Part 3 of a Series
When I was in Heidelberg, Germany, I gazed at the huge ruin of the Heidelberg Castle, described by Mark Twain as follows: “...with empty window arches, ivy-mailed battlements, moldering towers--the Lear of inanimate nature--deserted, discrowned, beaten by the storms, but royal still, and beautiful."
When I was in Detroit, Michigan I gazed at Tyree Guyton’s Heidelberg Castle…the main attraction of the Heidelberg Project, an artsy environment in the heart of an urban community (3600 Heidelberg Street) on Detroit’s East Side.
|WELCOME TO THE HEIDELBERG PROJECT|
The Heidelberg Project evolved from a vision that took root in the mind of a 12-year old Tyree Guyton who watched his city burn during the riots of 1967. This young boy witnessed thriving communities rapidly becoming segregated urban ghettos characterized by poverty, neglect and despair.
In 1986 Tyree Guyton, no longer a young boy, took a stand against the decay, crime and apathy in the neighborhood where he was raised. From discarded objects of everyday life, he created a festival of color and meaning that has been described as a “Ghetto Guggenheim”.
A SAMPLING OF ART IN “GHETTO GUGGENHEIM"
Tyree used vacant lots and abandoned houses as his canvas, and transformed an entire block into a world famous outdoor art environment and a thought-provoking statement on the plight of inner-city communities. Other galleries followed Guyton’s lead and opened their own galleries on the street. Signage makes it clear that they are individually owned and not part of the Heidelberg Project.
|THE DETROIT INDUSTRIAL GALLERY ALSO ON HEIDELBERG STREET|
The Dotty Wotty House is Tyree Guyton’s Heidelberg Castle. You might wonder: What on earth is the Dotty Wotty House? Well, let me tell you. The Dotty Wotty House is an old white house covered in a plethora of polka dots of all sizes and colors. Why all the polka dots? Here’s the scoop!
|THE DOTTY WOTTY HOUSE: TYREE GUYTON’S HEIDELBERG CASTLE|
Tyree’s Grandfather Sam Mackey (aka Grandpa Sam) liked jellybeans. One day when Tyree was looking at some jellybeans he realized that people were like jellybeans. They were all similar, yet all different, with all the colors mixing together. Those jellybeans inspired a dot here and a dot there. Hence, The Dotty Wotty House was born and became the centerpiece of a polka dot-painted street and a celebration of color, diversity and harmony known as The Heidelberg Project.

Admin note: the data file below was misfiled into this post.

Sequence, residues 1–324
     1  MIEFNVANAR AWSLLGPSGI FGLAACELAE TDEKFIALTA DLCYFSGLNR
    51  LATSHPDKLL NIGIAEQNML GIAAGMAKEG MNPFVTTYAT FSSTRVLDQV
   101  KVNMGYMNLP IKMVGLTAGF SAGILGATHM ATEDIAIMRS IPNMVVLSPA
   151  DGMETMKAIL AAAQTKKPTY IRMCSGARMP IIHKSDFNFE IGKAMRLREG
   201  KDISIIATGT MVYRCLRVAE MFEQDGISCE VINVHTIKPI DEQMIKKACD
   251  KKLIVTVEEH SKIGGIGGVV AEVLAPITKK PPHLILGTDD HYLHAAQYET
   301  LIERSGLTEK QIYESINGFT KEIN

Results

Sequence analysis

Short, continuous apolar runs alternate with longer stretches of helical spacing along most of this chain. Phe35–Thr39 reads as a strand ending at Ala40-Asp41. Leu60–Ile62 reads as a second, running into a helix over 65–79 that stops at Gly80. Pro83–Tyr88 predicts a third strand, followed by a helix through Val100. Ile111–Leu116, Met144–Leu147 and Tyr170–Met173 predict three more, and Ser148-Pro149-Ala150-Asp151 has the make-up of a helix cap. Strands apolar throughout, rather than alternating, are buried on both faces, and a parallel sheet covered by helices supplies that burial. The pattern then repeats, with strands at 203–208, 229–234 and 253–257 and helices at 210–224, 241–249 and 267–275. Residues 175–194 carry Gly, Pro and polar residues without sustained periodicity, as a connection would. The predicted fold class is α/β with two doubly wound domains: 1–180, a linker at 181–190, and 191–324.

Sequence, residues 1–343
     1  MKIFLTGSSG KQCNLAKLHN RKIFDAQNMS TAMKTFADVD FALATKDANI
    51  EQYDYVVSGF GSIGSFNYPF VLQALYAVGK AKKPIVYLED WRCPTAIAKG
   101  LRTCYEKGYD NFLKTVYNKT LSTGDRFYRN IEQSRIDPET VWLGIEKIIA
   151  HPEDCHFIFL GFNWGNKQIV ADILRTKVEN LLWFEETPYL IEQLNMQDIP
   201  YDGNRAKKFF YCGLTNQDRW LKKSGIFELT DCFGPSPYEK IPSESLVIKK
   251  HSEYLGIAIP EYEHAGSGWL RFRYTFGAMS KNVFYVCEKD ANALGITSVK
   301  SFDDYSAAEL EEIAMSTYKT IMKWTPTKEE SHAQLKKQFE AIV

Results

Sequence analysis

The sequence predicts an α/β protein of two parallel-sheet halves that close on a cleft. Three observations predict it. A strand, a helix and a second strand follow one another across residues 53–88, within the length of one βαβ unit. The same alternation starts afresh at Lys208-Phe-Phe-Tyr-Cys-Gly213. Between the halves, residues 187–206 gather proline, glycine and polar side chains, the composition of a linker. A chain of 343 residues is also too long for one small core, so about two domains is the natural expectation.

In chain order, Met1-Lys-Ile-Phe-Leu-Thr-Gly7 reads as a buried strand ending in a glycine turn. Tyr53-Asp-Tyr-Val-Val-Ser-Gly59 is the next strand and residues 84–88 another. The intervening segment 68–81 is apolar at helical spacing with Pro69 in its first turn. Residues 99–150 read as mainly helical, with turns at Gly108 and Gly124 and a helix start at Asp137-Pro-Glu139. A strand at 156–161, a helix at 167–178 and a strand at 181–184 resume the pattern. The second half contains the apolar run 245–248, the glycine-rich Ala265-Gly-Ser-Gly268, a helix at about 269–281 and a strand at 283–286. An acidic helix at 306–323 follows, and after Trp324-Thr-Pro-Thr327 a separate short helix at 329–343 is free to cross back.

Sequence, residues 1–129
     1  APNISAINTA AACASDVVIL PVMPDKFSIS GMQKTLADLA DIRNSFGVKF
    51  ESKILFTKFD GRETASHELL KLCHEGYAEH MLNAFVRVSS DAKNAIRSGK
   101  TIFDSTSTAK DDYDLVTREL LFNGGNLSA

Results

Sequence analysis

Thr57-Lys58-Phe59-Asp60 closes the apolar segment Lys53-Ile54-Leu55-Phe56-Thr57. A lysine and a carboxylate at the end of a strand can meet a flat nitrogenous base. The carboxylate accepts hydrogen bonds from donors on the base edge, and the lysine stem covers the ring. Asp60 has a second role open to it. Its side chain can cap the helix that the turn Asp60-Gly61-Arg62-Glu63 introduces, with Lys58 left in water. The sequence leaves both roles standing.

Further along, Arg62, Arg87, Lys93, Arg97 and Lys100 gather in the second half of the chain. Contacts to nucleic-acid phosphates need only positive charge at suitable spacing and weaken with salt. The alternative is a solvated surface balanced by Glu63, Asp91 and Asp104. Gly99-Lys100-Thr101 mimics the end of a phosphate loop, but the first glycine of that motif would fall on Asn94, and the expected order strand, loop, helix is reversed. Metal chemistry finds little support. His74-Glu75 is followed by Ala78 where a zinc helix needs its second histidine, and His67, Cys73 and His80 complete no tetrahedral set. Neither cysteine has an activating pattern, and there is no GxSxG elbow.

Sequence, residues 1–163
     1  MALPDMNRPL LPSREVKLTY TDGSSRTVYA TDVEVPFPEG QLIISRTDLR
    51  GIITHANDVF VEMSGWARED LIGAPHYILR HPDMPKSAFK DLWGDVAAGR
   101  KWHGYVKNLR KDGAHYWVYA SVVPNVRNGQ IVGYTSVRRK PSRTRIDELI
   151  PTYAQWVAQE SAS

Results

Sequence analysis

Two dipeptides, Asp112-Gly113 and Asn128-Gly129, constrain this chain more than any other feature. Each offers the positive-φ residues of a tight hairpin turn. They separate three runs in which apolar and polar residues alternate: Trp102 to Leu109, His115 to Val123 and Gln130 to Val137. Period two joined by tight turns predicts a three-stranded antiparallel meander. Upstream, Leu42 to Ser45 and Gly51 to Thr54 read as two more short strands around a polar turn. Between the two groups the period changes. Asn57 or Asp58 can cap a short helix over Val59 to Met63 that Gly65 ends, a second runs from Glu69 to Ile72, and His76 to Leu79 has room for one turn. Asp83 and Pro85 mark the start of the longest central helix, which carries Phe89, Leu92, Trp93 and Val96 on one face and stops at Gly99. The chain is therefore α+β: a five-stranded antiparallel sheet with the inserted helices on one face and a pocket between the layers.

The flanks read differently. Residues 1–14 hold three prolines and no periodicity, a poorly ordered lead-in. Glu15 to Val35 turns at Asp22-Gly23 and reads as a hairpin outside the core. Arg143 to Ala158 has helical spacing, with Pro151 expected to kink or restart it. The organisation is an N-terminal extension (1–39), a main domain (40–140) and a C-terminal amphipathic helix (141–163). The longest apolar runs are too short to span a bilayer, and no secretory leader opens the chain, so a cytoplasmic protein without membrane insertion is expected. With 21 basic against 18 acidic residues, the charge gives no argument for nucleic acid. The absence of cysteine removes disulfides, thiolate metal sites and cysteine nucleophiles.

The Heidelberg Project is the third most visited cultural site in Detroit, welcoming over 275,000 visitors from the US and over 140 countries each year. In 2011 The Detroit Free Press named Tyree Guyton the Spiritual Godfather of Detroit’s art movement. And of course, what would a popular tourist attraction be without a gift shop?
|THE HEIDELBERG PROJECT’S GIFT SHOP|
To some spectators, Tyree’s outdoor gallery is art, to others it is a protest, and to still others it is just a bunch of trash scattered along a 2-block area…in other words, an eyesore.
|ART OR TRASH? YOU BE THE JUDGE|
However, supporters around the city, and around the world, view the Heidelberg Project as a symbol of hope and inspiration to a community in need. It is a project that was born from protest and shaped by years of support, opposition, and a city in crisis. The Heidelberg Project is known worldwide for it's one of a kind environment. It is a movement powered by people with a focus on art education, art production and community development. The Heidelberg Project resides at the intersection of great art and great people and a community once ignored.
Margaret Mead said it best: “Never doubt that a small group of dedicated citizens can change the world. Indeed, it’s the only thing that ever has.”
JANET STEINBERG is an award-winning Travel Writer/Editor and International Travel Consultant with THE TRAVEL AUTHORITY in Mariemont, Ohio